In accordance with the present invention, the foregoing mounting of the single vibratory motor produces linear motion. In this respect, the center of rotation C (FIGS. 3 and 12) of the vibratory motor 22 is aligned with the center X of bushing30 and with the centers of the two directionally stiff resilient members 42'. Thus, when the unbalance of the vibratory motor 22 is in line with the line passing through the center of rotation C of motor 22 and the center X of bushing 30 and the centersof resilient members 42', the conveyance direction 46 (FIG. 12) will be realized to produce the desired linear motion. Preferably, the centers C and X and those of resilient members 42' and the direction of conveyance 46 will pass through the center ofgravity of the movable frame 12, but it need not be so. If it does not pass through, there will be a change in the conveyance angle. The main consideration is that when the unbalance of the rotating rotor of the motor is in line with the center ofrotation C and the center X, linear motion will be produced because resilient members 42' of bushing 30 will be directionally stiff in the direction 46. When the unbalance of the rotating rotor of the vibratory motor is not in line with centers C and X,the resilient members 42 and 42' will be distorted in torsion to thereby cause the thrusts of the vibratory motor to be attenuated in directions transverse to the line between centers C and X, thereby effectively eliminating orbital motion. It will beappreciated that there may be mounting structures where the directional stiffness of the resilient members may not be aligned with the center of the bushing. Therefore, the critical aspect of the mounting structure for obtaining linear motion is thatthe center of rotation C of the rotor of the vibratory motor should be aligned with the direction of the directional stiffness of the resilient members of the bushing, which is represented by arrow 46 which has been designated above as the direction ofconveyance. In other words, the direction of the directional stiffness should pass through the center of rotation C of the rotor of the vibratory motor 22 whether or not it passes through the physical center X of the bushing.
In addition to the foregoing geometry which produces the desired linear motion, each fist bracket 24 and motor mount bracket 45 is configured so as to cause center of rotation C of motor 22 to be as close as possible to the center x of bushing30. The minimizing of this distance tends to decrease a pendulum effect created by the vibration of the motor relative to the center X of bushing 30 to thereby cause a greater amount of its thrust to be directed in the desired direction of conveyance ofthe material being screened, which gives rise to greater G forces applied to the inner frame than if the center of motor 22 was further away from the center X of bushing 30. In this respect, as can be seen from FIGS. 6, 7 and 8, each fist brackethousing 36 has a circumferential portion 57 which is cut away at 59 to provide a thinner wall between two spaced portions 60 and 60' of the fist housing wall 36 which are thicker. In addition, the base 47 of motor mount bracket 45 has a plurality ofribs 61, 62 and 63 which lend strength to base 47 while permitting the base to be relatively thin and relatively light weight to lessen the forces due to the pendulum effect. In the foregoing respect, ribs 61 extend crosswise of base 47 at bores 55. Arib 62 extends lengthwise between bores 55 which are located in bosses 56 which are of the same height as the adjoining portions of ribs 61 and 62. Ribs 63 extend crosswise of base 47 outwardly from rib 62. Rib 62 is cut away at 64 (FIG. 10), and thecutaway 64 extends between points 65. Thus, when the motor mount brackets 45 are mounted on fist brackets 24, the cutaway portions 59 of fist brackets 24 will lie within the cutaway portions 64 of ribs 62 of motor mount brackets 45 to thereby minimizethe distance between center C and center X. Thus, because of the thinness of the bases 47 of motor mount brackets 45 and the cutaway portions 59 of the fist brackets 24 and the cutaway portions 64 of ribs 62, the center C of motor 22 will lie closer tothe center X of bushing 30 than if there were no cutaway portions 59 and no cutaway portions 64. Thus, positioning the base portions 53 of motor 22 closer to center X of bushing 30 by virtue of the cutaway portions 59 and 64, will reduce the pendulumaffect which vibratory motor 22 will otherwise produce, and as noted above, the reduction of the pendulum effect will cause a greater thrust of motor 22 to be transmitted to inner frame 12 which in turn results in higher G forces than if the motor 22 wasfurther away. The pendulum effect is produced when the unbalance of the vibratory motor is not being exerted in line with centers C and X and acts through a lever arm extending between center X and the distance to the unbalance. Therefore, the shorterthe lever arm, the less will be the pendulum effect.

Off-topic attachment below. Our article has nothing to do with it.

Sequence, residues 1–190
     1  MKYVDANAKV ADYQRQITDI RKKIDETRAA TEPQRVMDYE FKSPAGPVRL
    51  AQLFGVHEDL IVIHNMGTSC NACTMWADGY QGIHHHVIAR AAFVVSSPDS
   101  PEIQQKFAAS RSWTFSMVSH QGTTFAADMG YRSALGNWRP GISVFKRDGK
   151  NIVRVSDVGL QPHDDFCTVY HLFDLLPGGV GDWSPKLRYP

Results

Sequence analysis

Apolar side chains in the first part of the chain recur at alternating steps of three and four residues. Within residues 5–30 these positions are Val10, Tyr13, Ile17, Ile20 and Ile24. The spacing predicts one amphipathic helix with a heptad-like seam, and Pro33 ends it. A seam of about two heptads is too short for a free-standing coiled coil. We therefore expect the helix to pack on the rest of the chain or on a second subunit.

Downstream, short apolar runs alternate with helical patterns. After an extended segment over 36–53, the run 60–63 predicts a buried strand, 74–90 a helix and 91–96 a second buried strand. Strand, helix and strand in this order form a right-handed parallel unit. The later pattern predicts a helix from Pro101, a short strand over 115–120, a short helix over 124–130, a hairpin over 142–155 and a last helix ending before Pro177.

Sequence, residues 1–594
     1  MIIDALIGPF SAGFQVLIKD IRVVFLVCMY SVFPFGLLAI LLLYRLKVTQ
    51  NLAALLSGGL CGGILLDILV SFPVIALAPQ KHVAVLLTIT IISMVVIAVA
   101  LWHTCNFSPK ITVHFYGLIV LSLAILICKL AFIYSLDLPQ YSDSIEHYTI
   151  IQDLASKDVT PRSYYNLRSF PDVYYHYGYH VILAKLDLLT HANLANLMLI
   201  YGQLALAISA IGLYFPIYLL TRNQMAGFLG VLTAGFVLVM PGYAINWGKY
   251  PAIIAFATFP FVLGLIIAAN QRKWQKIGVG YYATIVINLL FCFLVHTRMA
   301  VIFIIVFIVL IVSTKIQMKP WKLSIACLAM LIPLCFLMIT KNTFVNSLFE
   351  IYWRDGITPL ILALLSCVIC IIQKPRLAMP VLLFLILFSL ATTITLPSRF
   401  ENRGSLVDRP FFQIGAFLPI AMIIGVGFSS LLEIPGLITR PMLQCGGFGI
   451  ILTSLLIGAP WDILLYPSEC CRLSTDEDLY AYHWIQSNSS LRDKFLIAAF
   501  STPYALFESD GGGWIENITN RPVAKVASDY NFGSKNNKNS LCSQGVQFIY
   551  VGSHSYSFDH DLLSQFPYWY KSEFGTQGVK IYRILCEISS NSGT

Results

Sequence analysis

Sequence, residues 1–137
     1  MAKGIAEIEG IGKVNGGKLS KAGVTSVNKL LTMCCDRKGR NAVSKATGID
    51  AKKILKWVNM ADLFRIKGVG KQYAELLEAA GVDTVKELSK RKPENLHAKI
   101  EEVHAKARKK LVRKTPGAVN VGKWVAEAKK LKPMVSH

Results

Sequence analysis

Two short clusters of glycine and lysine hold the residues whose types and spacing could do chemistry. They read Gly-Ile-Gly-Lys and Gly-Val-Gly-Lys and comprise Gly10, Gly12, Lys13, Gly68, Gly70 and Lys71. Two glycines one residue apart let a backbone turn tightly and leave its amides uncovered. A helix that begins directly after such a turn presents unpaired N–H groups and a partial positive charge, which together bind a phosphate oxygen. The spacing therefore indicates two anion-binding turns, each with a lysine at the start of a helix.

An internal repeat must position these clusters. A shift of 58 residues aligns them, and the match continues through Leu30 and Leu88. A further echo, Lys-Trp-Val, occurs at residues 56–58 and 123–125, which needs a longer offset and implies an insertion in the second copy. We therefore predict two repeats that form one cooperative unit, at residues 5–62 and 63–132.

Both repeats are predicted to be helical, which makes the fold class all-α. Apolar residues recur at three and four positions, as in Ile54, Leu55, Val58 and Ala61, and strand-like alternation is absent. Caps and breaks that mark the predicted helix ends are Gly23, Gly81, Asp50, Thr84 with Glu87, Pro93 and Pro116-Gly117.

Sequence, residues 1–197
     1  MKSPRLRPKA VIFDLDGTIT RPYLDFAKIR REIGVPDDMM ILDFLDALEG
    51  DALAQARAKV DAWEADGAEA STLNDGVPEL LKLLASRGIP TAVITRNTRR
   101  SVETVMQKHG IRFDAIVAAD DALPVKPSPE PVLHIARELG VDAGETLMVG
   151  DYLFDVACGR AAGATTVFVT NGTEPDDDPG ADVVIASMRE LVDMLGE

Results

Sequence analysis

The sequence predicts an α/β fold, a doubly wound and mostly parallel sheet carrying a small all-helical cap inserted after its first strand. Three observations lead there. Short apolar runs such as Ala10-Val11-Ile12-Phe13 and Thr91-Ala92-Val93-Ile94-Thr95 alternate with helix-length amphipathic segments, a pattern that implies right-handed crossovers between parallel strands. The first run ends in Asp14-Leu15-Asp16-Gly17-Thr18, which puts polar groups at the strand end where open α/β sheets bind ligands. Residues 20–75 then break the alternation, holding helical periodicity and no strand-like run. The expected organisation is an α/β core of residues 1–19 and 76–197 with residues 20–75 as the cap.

In addition to the foregoing, the motor mount brackets 45 are preferably fabricated of cast aluminum to thereby cause them to weigh less than if they were made out of conventional cast iron or steel. The above described rib structure of motormount brackets 45, when in cast aluminum, increases their strength so that they can withstand the loads to which they are subjected. Additionally, considering that the weight of motor mount brackets 45, when in aluminum, is less than their weight ineither steel or cast iron, this also reduces the pendulum affect. Preferably the fist brackets are fabricated of cast iron.
In the above portions of the specification reference was made to the unbalance of a vibratory motor. This is usually achieved by mounting an eccentric weight on the rotor, but it can be achieved in other ways.
While preferred embodiments of the present invention have been disclosed, it will be appreciated that it is not limited thereto but may be otherwise embodied within the scope of the following claims.